The CFPB’s proposed revisions to its “Policy to Encourage Trial Disclosure Programs” (TDP Policy) have been strongly criticized by consumer and public interest groups who, in addition to other objections, assert that the proposal exceeds the Bureau’s authority under Section 1032(e) of the Dodd-Frank Act.

Section 1032(e)(1) provides:

The Bureau may permit a covered person to conduct a trial program that is limited in time and scope, subject to specified standards and procedures, for the purpose of providing trial disclosures to consumers that are designed to improve upon any model form issued [by the CFPB pursuant to its authority to prescribe disclosure rules under Section 1032 and issue related model forms], or any other model form issued to implement an enumerated statute, as applicable.

A comment letter submitted by the National Consumer Law Center joined by 10 other consumer and public interest groups raises the following principal objections to the CFPB’s proposal:

  • The Bureau’s trial disclosure program authority is limited by Section 1032(e)(1) to the improvement of model forms. The commenters reject the CFPB’s claim that under Section 1032(e)(2), it has the authority to waive a requirement of a rule or enumerated consumer law. (Section 1032(e)(2) provides that “a covered person conducting a trial disclosure program shall be deemed to be in compliance with, or may be exempted from, a requirement of a rule or an enumerated consumer law.”)  According to the commenters, Section 1032 “does not authorize the Bureau to allow trial disclosure programs that change or eliminate the substantive information required to be disclosed, or to deviate from any other substantive requirements of the statute.”  They contend that the CFPB only has authority to revise substantive disclosure requirements to the extent provided in the enumerated consumer laws themselves and that such authority would require the CFPB to use APA notice and comment procedures. According to the commenters, “if the Bureau wishes to experiment with more substantive changes to disclosure requirements before proposing a rule amendment, it may do so through consumer testing or focus groups that do not involve real consumers risking real money.” Notably, the commenters challenge the Bureau’s “mistaken and illegal characterization of a trial disclosure program as one that is used to allow a ‘participant’ to obtain access to market in exchange for ‘reduced regulatory barriers.’”  They state: “It is not the purpose of [the trial disclosure program] to ease access by new players in the consumer financial product marketplace. The purpose of the statute is to protect consumers and improve existing model forms to promote consumer understanding.” (emphasis included).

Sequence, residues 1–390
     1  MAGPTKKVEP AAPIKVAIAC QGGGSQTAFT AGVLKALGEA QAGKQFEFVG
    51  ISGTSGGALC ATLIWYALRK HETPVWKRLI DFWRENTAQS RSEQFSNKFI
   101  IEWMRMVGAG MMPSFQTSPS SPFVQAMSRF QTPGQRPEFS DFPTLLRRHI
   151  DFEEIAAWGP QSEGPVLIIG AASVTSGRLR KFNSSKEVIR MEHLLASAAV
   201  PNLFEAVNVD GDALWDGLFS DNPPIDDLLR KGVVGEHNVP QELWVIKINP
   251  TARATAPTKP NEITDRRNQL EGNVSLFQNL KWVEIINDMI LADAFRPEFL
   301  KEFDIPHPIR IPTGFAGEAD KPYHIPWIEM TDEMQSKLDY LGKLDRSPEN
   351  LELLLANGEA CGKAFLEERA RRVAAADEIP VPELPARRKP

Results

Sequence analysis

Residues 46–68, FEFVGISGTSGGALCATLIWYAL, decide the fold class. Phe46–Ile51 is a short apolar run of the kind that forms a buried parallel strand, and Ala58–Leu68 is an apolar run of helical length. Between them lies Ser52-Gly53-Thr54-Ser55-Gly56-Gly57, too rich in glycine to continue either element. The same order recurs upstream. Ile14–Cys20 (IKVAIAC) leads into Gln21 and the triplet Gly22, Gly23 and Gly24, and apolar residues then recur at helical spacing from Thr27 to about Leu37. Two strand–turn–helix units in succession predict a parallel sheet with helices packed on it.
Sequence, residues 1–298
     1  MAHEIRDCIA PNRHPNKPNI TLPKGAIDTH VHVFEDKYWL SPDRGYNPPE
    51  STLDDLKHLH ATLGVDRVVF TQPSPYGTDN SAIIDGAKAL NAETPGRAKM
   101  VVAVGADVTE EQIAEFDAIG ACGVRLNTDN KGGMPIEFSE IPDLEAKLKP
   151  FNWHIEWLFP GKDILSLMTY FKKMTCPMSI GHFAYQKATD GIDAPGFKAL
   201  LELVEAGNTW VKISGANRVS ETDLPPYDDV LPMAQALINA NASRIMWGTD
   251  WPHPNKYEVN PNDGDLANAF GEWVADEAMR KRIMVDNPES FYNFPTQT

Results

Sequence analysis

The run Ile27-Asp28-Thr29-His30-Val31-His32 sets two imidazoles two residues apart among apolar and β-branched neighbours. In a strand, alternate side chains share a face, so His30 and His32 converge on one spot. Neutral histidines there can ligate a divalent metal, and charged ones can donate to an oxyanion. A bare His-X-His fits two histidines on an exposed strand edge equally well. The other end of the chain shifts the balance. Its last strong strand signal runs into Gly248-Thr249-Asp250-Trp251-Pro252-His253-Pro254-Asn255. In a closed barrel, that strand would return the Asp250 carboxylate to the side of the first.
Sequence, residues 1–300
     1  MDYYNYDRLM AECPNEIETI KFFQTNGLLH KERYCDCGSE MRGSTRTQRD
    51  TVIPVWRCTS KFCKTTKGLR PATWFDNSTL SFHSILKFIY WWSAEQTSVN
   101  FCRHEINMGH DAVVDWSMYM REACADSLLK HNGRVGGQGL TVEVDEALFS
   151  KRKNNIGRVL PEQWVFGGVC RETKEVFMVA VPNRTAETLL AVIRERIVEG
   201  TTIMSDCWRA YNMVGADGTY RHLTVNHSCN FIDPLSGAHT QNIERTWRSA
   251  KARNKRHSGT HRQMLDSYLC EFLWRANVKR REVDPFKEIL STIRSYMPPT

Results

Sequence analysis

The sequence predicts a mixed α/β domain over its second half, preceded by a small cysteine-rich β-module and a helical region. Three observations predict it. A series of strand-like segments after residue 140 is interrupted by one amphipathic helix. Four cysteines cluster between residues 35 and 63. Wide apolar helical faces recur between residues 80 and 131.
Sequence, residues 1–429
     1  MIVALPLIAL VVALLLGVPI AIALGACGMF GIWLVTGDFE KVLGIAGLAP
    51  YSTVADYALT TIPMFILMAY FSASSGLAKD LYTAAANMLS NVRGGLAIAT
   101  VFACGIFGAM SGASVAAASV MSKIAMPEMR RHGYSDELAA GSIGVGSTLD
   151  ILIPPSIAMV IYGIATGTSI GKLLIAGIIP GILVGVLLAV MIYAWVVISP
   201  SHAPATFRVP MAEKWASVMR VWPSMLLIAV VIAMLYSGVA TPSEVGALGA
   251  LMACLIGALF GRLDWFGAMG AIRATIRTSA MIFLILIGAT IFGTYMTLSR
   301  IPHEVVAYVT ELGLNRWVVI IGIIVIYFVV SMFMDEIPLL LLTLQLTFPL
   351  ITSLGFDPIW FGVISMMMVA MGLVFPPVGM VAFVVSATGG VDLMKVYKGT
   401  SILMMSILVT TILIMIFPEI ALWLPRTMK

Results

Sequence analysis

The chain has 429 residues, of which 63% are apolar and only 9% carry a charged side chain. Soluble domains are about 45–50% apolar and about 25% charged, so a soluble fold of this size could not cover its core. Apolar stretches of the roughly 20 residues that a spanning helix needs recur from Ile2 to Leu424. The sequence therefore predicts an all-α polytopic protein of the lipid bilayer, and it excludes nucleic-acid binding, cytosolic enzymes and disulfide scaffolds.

• The CFPB’s authority to allow a “covered person” to conduct a trial disclosure program does not allow it to grant waivers sought by trade associations pursuant to a blanket application for its members.
  • The proposal does not comply with the requirement in Section 1032(e)(1) that a trial program be “limited in time” because it would allow an unlimited number of two-year extensions beyond the initial two-year period of a waiver and, if the Bureau was engaged in rulemaking, could allow longer extensions of unlimited duration. The commenters also criticize the Bureau for relying on companies to notify it of material changes that should be investigated and not including any requirements for Bureau monitoring.
  • The proposal does not comply with the requirement in Section 1032(e)(1) that a trial program also be “limited in…scope” because it “imposes no limits in the number of consumers who may be exposed to the trial or the range of products and services.”

The public interest groups submitting the comment letter were also among a much larger group of signatories to a letter sent to the CFPB by “consumer, civil rights, legal services, labor and community groups writ[ing] in strong opposition to [the CFPB’s] policy to encourage trial disclosure programs.”  The groups’ objections set forth in the letter track those set forth in the comment letter.

For a discussion of the CFPB’s proposed amendments to its trial disclosure program policy, click here to listen to our recent podcast.